Around the world, capital cities are disgorging bureaucrats. In the post-colonial fervour of the 20th century, coastal capitals picked by trade-focused empires were spurned for “regionally neutral” new ones .... But decamping wholesale is costly and unpopular: governments these days prefer piecemeal dispersal. The trend reflects how the world has changed. In past eras, when information travelled at a snail’s pace, civil servants had to cluster together. But now desk-workers can ping emails and video-chat around the world. Travel for face-to-face meetings may be unavoidable, but transport links, too. have improved. . . .
Proponents of moving civil servants around promise countless benefits. It disperses the risk that a terrorist attack or natural disaster will cripple an entire government. Wonks in the sticks will be inspired by new ideas that walled-off capitals cannot conjure up. Autonomous regulators perform best far from the pressure and lobbying of the big city. Some even hail a cure for ascendant cynicism and populism. The unloved bureaucrats of faraway capitals will become as popular as firefighters once they mix with regular folk.
Beyond these sunny visions, dispersing central-government functions usually has three specific aims: to improve the lives of both civil servants and those living in clogged capitals; to save money; and to redress regional imbalances. The trouble is that these goals are not always realised.
The first aim—improving living conditions—has a long pedigree. After the second world war Britain moved thousands of civil servants to “agreeable English country towns” as London was rebuilt. But swapping the capital for somewhere smaller is not always agreeable. Attrition rates can exceed 80%. . . . The second reason to pack bureaucrats off is to save money. Office space costs far more in capitals. . . . Agencies that are moved elsewhere can often recruit better workers on lower salaries than in capitals, where well-paying multinationals mop up talent.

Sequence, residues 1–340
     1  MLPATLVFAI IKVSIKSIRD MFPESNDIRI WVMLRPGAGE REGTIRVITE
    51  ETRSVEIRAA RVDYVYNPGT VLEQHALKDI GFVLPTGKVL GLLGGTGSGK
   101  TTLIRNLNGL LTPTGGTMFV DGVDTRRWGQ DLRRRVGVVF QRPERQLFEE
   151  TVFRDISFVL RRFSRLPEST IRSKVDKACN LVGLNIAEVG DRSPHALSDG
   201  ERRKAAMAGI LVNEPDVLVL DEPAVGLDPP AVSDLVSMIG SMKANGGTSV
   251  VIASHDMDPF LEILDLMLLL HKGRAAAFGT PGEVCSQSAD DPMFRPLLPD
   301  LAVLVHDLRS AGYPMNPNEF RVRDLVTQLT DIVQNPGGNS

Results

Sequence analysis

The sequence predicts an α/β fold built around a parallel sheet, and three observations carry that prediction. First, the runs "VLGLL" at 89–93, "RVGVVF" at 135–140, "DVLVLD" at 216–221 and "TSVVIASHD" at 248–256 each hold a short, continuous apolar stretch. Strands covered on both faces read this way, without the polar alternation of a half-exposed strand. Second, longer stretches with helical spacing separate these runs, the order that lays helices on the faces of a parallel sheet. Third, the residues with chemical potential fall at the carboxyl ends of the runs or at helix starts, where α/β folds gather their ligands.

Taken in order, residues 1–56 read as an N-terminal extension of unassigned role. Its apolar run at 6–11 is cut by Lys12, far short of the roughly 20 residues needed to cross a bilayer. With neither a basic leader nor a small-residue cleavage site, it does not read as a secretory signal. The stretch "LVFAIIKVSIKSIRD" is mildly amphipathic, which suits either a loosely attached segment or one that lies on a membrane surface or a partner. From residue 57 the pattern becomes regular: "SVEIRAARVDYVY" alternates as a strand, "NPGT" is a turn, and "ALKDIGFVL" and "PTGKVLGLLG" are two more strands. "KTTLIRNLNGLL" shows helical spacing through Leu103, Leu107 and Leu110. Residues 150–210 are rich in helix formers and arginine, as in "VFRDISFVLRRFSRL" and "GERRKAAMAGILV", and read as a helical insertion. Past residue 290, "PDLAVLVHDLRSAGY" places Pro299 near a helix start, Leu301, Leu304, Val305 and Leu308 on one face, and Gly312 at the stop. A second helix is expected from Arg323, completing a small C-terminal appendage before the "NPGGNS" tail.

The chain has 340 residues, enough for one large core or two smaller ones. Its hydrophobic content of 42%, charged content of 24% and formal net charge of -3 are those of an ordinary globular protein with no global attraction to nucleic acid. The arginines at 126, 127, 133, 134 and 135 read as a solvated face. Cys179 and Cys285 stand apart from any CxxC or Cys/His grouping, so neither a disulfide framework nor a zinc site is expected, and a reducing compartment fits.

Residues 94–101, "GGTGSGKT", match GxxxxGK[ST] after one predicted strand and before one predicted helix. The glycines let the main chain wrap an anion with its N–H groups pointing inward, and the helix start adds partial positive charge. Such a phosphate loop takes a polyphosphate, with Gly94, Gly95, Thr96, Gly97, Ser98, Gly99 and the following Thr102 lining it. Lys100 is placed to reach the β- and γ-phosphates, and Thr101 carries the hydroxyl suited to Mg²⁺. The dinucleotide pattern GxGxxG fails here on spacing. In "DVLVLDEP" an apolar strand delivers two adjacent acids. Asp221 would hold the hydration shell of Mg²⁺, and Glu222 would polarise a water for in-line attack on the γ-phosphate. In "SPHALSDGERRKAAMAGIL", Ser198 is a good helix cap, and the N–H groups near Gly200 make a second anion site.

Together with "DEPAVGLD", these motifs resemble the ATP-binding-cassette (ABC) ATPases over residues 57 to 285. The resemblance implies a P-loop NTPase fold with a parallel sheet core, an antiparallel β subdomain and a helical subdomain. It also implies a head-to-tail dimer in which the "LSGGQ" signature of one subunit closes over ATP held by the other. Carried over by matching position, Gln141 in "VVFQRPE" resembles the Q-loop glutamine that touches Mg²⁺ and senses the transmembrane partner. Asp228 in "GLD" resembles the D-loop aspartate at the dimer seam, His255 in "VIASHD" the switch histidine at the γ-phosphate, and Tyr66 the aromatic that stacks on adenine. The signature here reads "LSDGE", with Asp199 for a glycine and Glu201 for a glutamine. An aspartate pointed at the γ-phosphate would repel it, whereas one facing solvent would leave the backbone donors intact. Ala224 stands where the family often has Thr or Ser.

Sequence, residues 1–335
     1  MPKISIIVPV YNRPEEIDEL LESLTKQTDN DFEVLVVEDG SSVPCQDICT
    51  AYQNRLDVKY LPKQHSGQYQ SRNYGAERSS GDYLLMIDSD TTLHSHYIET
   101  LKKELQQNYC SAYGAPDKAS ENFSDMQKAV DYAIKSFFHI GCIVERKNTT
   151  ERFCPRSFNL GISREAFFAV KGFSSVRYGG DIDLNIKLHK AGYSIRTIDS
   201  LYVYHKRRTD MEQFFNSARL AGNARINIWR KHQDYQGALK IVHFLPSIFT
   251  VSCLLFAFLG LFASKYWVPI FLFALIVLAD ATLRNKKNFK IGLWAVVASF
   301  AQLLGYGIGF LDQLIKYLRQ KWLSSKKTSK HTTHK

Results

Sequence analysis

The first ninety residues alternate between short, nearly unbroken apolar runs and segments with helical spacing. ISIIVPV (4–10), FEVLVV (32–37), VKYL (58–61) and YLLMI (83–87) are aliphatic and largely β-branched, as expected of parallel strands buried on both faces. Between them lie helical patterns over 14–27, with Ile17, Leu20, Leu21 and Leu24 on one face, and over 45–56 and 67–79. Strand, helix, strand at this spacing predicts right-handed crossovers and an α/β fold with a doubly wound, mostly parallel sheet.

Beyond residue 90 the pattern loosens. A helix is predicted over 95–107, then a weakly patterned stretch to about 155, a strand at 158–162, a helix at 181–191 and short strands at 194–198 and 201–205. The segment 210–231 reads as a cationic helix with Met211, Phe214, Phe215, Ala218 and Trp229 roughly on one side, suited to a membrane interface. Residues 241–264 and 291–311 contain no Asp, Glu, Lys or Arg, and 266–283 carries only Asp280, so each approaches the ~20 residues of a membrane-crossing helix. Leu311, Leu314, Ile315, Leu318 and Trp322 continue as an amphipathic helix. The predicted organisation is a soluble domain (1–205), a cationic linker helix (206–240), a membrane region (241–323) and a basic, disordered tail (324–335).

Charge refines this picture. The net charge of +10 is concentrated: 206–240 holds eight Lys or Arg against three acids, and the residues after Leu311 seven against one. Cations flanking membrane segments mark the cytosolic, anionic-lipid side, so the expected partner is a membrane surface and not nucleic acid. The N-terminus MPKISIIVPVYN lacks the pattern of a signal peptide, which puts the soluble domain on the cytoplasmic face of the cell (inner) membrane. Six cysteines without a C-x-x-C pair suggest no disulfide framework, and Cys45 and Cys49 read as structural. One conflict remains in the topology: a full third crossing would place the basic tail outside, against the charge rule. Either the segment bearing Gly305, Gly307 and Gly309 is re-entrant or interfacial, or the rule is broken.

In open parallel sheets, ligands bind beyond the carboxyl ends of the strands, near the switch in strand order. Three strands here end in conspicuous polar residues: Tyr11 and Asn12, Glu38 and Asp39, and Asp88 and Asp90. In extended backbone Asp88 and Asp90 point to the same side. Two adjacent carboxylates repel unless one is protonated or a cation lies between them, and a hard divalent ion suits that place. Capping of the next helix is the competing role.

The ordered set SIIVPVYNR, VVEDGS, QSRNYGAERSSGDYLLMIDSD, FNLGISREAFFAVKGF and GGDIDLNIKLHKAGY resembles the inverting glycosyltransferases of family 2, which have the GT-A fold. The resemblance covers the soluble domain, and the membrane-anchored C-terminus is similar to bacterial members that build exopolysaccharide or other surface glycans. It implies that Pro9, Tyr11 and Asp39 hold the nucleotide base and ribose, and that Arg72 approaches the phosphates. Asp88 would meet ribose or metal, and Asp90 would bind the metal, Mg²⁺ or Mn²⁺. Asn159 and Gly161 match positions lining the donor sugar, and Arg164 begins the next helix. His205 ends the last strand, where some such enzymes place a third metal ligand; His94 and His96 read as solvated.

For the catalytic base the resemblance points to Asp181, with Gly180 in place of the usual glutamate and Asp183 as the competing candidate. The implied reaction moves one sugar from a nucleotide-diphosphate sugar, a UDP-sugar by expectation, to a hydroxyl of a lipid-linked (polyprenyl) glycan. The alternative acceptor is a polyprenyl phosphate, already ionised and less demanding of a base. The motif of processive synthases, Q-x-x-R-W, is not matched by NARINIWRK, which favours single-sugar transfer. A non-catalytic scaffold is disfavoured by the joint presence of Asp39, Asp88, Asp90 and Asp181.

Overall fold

The third reason to shift is to rebalance regional inequality. . . . Norway treats federal jobs as a resource every region deserves to enjoy, like profits from oil. Where government jobs go. private ones follow. . . . Sometimes the aim is to fulfil the potential of a country’s second-tier cities. Unlike poor, remote places, bigger cities can make the most of relocated government agencies, linking them to local universities and businesses and supplying a better-educated workforce. The decision in 1946 to set up America’s Centres for Disease Control in Atlanta rather than Washington, D.C., has transformed the city into a hub for health-sector research and business.
The dilemma is obvious. Pick small, poor towns, and areas of high unemployment get new jobs, but it is hard to attract the most qualified workers: opt for larger cities with infrastructure and better-qualified residents, and the country’s most deprived areas see little benefit. . . . Others contend that decentralisation begets corruption by making government agencies less accountable. . . . A study in America found that state-government corruption is worse when the state capital is isolated—journalists, who tend to live in the bigger cities, become less watchful of those in power.